Assessment of Scotopic Function in Rod-Cone Inherited Retinal Degeneration With the Scotopic Macular Integrity Assessment.
Jolly JK., Nanda A., Buckley TMW., Pfau M., Bridge H., MacLaren RE.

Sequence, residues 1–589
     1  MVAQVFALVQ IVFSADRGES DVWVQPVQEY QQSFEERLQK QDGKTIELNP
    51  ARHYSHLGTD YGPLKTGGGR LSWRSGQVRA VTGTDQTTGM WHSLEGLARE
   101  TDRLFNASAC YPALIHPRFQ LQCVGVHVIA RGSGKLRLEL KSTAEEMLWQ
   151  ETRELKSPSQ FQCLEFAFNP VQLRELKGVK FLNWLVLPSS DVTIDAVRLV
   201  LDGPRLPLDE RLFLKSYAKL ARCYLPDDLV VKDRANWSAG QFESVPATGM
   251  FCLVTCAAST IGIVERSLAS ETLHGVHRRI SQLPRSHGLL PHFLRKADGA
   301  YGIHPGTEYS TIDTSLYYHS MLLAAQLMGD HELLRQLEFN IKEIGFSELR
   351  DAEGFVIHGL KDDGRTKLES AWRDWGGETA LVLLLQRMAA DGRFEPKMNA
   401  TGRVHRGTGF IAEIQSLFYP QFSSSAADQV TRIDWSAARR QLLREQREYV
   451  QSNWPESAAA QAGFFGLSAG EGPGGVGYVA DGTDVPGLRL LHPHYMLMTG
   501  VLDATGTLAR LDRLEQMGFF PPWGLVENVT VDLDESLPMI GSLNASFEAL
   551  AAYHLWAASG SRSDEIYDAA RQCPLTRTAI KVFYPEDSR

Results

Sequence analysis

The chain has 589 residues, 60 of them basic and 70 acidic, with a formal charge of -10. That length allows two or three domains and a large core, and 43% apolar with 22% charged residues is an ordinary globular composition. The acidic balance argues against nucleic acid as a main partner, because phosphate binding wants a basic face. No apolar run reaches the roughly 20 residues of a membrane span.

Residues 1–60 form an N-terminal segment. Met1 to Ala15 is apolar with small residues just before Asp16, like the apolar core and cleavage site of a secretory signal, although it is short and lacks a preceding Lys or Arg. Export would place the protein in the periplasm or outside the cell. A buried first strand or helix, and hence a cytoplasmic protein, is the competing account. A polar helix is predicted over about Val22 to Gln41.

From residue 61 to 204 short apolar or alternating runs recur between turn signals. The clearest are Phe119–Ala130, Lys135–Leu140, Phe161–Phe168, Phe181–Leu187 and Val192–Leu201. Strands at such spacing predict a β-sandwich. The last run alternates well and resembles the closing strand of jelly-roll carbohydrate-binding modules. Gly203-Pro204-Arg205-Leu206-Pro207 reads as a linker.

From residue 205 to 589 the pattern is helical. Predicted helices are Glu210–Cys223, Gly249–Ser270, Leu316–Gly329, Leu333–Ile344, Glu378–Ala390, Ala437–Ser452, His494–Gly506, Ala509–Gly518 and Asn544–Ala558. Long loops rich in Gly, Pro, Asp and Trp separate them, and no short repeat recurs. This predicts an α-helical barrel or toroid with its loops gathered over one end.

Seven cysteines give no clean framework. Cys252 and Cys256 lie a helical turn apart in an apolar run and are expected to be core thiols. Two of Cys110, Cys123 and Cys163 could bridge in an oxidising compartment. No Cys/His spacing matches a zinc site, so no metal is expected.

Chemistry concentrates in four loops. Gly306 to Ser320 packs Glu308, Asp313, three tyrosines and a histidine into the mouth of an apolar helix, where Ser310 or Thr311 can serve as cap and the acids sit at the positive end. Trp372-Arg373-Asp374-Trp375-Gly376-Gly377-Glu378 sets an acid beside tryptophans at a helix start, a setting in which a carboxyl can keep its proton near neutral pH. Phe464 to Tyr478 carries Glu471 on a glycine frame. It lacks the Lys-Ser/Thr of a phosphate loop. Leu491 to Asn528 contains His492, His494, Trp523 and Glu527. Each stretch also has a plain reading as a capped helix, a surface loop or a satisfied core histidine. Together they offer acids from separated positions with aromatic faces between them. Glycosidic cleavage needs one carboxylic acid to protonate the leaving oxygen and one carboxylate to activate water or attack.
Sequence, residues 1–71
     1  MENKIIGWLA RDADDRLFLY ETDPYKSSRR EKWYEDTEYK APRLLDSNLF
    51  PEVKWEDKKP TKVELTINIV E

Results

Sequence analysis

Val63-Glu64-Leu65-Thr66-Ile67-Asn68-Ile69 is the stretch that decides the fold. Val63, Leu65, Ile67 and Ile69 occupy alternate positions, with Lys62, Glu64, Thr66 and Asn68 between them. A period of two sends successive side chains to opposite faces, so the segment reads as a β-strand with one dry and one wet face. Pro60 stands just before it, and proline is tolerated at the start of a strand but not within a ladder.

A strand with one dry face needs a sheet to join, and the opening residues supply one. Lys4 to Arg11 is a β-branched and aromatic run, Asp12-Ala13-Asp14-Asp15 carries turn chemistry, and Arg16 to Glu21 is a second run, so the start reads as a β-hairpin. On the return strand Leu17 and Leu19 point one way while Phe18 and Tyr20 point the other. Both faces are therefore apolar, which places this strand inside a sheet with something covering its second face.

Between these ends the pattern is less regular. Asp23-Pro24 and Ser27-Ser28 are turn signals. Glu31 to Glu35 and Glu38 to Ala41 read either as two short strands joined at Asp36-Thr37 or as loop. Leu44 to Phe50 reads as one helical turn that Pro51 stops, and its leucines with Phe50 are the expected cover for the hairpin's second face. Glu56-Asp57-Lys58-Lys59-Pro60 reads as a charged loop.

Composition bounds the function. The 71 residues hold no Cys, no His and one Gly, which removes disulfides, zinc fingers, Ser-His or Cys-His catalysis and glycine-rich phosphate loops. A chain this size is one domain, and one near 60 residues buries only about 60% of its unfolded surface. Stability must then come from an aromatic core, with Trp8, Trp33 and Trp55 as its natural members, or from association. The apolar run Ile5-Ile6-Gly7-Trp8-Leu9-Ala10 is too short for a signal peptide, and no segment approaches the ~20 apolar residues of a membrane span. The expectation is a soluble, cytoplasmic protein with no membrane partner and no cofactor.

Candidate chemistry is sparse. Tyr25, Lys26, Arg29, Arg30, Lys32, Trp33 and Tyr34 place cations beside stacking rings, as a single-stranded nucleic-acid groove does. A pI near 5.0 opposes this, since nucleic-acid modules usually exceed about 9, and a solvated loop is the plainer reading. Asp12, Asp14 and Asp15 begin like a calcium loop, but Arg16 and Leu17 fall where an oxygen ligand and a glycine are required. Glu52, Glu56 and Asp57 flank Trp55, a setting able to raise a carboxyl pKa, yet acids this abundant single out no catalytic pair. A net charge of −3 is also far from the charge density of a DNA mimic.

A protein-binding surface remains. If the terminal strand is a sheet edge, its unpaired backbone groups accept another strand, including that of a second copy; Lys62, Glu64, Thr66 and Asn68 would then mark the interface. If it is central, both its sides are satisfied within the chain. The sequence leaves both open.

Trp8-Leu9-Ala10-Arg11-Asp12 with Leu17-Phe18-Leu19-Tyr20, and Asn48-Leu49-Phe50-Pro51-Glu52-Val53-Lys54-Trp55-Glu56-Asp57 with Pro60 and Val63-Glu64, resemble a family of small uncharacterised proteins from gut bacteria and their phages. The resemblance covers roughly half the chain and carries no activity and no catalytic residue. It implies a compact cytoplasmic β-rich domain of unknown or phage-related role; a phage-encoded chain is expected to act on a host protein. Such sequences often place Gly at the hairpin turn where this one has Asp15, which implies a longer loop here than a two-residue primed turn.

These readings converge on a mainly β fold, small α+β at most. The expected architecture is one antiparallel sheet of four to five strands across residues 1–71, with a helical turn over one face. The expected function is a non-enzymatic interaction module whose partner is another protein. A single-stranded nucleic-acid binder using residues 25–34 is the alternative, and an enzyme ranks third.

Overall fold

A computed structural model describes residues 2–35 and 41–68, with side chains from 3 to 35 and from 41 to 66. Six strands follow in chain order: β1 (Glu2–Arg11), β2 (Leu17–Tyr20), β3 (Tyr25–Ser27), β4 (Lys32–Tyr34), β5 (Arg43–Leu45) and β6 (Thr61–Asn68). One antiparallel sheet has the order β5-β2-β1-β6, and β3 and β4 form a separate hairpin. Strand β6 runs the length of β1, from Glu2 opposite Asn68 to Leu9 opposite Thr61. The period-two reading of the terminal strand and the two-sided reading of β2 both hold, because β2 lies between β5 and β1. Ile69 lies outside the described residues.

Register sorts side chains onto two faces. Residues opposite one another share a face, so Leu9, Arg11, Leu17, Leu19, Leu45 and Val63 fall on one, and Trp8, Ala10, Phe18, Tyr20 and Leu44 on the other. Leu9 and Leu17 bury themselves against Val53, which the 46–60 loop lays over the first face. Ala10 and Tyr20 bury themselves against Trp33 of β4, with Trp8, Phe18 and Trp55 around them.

PURPOSE: The scotopic macular integrity assessment (S-MAIA) can perform scotopic assessment to detect localized changes to scotopic rod and cone function. This study is an exploratory investigation of the feasibility of using the S-MAIA in a rod-cone dystrophy population to identify the pattern of loss in scotopic photoreceptor function. METHODS: Twenty patients diagnosed with a rod-cone dystrophy underwent visual acuity testing, full-field stimulus threshold assessment, and multiple S-MAIA tests after dark adaptation periods of 20 minutes and 45 minutes performed separately. Only right eyes were tested. Three tests were performed following a learning test. A Bland-Altman analysis was used to assess repeatability and agreement between tests after the two time periods. Spatial interpolation maps were created from the group plots to display the pattern of rod and cone loss. RESULTS: Learning effects took place between testing sessions 1 and 2 but not 2 and 3. Limits of agreement were larger in the patient eyes than control eyes, but within previously reported values. Using longer adaptation time of 45 minutes did not offer a significant advantage over 20 minutes. Patterns for the cyan and red sensitivities were different, indicating different patterns of loss for rods and cones. CONCLUSIONS: A dark adaptation time of 20 minutes before testing is sufficient for thresholding. The S-MAIA is suitable for use in patients with a logarithm of the minimum angle of resolution vision of at least 0.7 and provides a viable outcome measure for patients with rod-cone dystrophies and preserved central vision. The spatial information about scotopic function from the S-MAIA provides information about disease processes and progression. TRANSLATIONAL RELEVANCE: There is a need for scotopic measures for use in clinical trials. Scotopic microperimetry works well in patients with early disease, allowing the extension of recruitment criteria for novel therapies of rod-cone dystrophies.